An evangelist for newspapers

By Rem Rieder, USA Today

WASHINGTON — In her hilarious, not to say transcendent faux Super Bowl commercial for Newcastle Brown Ale, Anna Kendrick muses that she’s not sure that she’s really “beer commercial hot.”

But, she concludes, “I love a challenge.”

Clearly David Chavern loves a challenge as well.

Chavern is president and CEO of the Newspaper Association of America. In that role he is the chief evangelist for an industry whose steep challenges in the digital age have been much chronicled and whose imminent demise has been predicted for years.

In an interview at a tea saloon in Washington, D.C., Chavern, who was named to the job in October, quickly makes clear that he is a half-full kind of guy. Unlike his predecessor, Caroline Little, who had held big jobs at and the Guardian, Chavern has no previous experience in journalism. But he believes that his stint as executive vice president and COO of the United States Chamber of Commerce gives him a valuable outsider’s perspective.

Sure, the digital explosion sounded a death knell for newspapers’ much-missed years of monopoly status and 35% profits, and the fulsome newsroom rosters that often went with them. But in retail, Chavern says, 2% margins are great.

“People get overly sad and morose, but that doesn’t mean the future is horrible,” he says. “We still have a viable business and create a product people want and need. It’s not the coal industry.

“We’ve got a good future. Let’s perk up a little bit.”

But the present presents a serious gauntlet to pick up. Advertising revenue continues to decline, often meaning more painful shrinkage. After a painfully slow start, many newspapers have accepted the digital future and revamped their operations accordingly. But digital ad revenue remains an elusive quarry. It’s growing, sure, but not quickly enough to offset the print shortfall.

The search for a new business model remains Task No. 1. Additional revenue streams — digital subscriptions, events, marketing services — are part of the puzzle. But we’re not there yet.

“Turning into a digital business is hard when digital advertising is so screwed up,” Chavern says, pointing out that both banner ads and video ads are not the answer.

“There needs to be a lot of work experimenting with digital advertising,” he adds. “What will people respond to? We haven’t developed a vocabulary that works on a computer.”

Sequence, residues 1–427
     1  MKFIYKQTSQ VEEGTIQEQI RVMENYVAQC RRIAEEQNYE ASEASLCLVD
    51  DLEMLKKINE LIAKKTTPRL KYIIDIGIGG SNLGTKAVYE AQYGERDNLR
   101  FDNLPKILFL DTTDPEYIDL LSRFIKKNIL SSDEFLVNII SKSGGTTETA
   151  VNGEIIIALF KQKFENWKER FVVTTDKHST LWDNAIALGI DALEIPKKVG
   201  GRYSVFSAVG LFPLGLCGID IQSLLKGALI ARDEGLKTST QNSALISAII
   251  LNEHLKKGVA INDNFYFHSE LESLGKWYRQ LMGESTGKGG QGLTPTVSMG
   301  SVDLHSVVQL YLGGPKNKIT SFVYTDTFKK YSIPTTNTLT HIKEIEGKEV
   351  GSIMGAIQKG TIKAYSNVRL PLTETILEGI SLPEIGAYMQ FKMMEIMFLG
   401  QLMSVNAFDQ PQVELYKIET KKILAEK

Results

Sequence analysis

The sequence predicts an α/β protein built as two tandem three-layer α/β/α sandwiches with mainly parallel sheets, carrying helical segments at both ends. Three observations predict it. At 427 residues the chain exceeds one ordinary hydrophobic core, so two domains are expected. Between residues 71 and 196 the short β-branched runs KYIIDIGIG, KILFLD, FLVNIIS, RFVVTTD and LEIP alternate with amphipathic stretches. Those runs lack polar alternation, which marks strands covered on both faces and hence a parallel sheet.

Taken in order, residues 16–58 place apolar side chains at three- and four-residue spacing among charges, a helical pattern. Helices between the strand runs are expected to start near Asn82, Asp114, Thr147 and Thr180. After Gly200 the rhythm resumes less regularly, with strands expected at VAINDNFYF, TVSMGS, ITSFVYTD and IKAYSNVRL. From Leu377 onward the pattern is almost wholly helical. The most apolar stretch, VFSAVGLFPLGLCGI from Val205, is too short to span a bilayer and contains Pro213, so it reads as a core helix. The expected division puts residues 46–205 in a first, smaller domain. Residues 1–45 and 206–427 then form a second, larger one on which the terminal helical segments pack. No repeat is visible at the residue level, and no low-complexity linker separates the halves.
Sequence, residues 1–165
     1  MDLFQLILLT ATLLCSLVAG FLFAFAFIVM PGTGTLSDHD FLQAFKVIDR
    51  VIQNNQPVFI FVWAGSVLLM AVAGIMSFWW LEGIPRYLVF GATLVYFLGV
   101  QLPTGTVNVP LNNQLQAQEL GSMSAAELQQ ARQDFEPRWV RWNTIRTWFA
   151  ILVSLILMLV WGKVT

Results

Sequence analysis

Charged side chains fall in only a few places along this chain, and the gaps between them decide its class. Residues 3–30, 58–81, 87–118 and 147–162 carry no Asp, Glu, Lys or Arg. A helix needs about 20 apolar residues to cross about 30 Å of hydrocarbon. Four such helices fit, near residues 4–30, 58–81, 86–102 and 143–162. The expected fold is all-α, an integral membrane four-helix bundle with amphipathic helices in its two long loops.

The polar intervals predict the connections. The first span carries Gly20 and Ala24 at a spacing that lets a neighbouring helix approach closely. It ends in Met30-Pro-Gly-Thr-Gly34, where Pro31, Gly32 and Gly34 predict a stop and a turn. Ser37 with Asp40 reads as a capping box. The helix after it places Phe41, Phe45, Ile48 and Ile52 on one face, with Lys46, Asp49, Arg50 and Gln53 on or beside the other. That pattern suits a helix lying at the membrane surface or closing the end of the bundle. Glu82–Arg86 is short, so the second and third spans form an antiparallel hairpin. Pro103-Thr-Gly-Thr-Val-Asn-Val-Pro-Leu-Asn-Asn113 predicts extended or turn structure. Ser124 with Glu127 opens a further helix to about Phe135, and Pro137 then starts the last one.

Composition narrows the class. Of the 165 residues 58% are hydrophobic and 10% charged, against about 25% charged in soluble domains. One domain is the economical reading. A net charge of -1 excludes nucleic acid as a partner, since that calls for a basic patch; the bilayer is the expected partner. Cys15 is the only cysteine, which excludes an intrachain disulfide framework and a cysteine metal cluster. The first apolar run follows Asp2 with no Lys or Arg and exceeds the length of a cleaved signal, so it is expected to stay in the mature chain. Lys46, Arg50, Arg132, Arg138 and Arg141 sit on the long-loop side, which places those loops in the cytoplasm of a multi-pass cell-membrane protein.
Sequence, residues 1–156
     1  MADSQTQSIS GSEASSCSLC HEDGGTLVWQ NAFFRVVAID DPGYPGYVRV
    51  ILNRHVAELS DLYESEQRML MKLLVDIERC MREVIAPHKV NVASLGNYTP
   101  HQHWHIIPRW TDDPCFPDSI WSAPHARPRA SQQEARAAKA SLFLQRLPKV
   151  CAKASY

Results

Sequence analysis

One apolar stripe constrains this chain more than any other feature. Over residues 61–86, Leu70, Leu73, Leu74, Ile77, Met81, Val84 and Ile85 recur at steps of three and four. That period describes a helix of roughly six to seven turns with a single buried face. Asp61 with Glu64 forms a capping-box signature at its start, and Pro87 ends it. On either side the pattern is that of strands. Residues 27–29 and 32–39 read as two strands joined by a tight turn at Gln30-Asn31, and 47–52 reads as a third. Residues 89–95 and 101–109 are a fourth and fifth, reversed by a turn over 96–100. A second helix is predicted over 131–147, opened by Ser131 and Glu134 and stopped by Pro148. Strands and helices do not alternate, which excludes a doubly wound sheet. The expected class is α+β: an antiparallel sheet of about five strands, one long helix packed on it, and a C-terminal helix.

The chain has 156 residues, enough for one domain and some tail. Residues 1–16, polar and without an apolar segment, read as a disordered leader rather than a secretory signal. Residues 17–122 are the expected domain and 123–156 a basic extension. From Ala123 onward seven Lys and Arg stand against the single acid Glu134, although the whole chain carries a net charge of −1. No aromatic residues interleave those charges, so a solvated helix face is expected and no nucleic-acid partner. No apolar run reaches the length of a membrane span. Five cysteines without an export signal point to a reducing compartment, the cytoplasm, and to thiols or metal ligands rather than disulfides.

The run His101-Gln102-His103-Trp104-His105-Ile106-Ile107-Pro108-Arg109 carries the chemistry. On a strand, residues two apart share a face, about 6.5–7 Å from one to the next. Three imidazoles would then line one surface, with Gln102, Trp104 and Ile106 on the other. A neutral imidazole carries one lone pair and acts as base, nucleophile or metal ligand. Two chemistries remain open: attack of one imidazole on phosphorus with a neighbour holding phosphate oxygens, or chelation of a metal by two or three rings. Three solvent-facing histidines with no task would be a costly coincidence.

The growing complexity of the business means a different approach to recruiting, going after people proficient in different areas.

“To get good video, you can’t just give a journalist a camera. Some are not good at that,” Chavern says. “With events, same thing. I really like reporters, but I’m not sure they are great event designers.”

Chavern says it’s important to remember that the newspaper industry is not a monolith. At one end, he says, “the national papers are getting pretty good at the digital thing. They are innovating, and they are starting to get an economic return.”

At the other end, the smaller, local-local papers are still dominant in print. “They don’t have the resources to innovate, but they have a monopoly on content. They know what time the Fourth of July parade starts. Where else can you go?”

Stuck in the uncomfortable middle, Stealers Wheel style, are the large metro papers. “They’re being hit from all sides, and it’s hard for them to innovate as fast as the national papers,” Chavern says. “They face an innovation crunch.”

And innovation, in this fast-evolving media landscape, is the name of the game.

The top soothsayers will tell you that predicting the future is a job best left to the professionals. And many authoritative forecasts of End Times for actual print newspapers have long reached their expire by date. But I couldn’t resist asking Chavern how long the beloved dinosaurs would be with us.

“Longer than people think,” he shot back quickly, pointing out that the emergence of e books has hardly spelled the demise of the old-school version. “Just because something is pooh-poohed as old doesn’t mean it isn’t a good technology,” he adds.

That said, Chavern says it’s clear that at some point print will be a small part of the equation, if it’s around at all.

The chief of the newspaper group, which has about 2,000 members, takes heart from the fact that, at last, “the people who run the business have become aware that change is necessary.” He points to the turbulent airline industry, where the survivors include three legacy airlines and one, Southwest, that was a great industry disruptor — in the 1970s. Of course, lots of other big-name industry veterans have fallen by the wayside. Pan Am, anyone?

Nevertheless, Chavern says, the lesson is that “incumbents can win, no matter what the people in Silicon Valley say.”